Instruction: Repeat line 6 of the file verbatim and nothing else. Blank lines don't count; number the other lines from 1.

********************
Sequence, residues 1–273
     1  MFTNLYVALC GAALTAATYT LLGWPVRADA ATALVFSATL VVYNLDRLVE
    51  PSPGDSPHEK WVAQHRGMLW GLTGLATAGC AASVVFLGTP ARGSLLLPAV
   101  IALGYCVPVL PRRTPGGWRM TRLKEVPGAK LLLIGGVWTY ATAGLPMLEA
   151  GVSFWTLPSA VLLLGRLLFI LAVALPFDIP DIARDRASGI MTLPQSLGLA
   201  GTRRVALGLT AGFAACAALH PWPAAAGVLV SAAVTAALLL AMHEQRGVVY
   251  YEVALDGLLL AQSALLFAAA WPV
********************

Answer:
   201  GTRRVALGLT AGFAACAALH PWPAAAGVLV SAAVTAALLL AMHEQRGVVY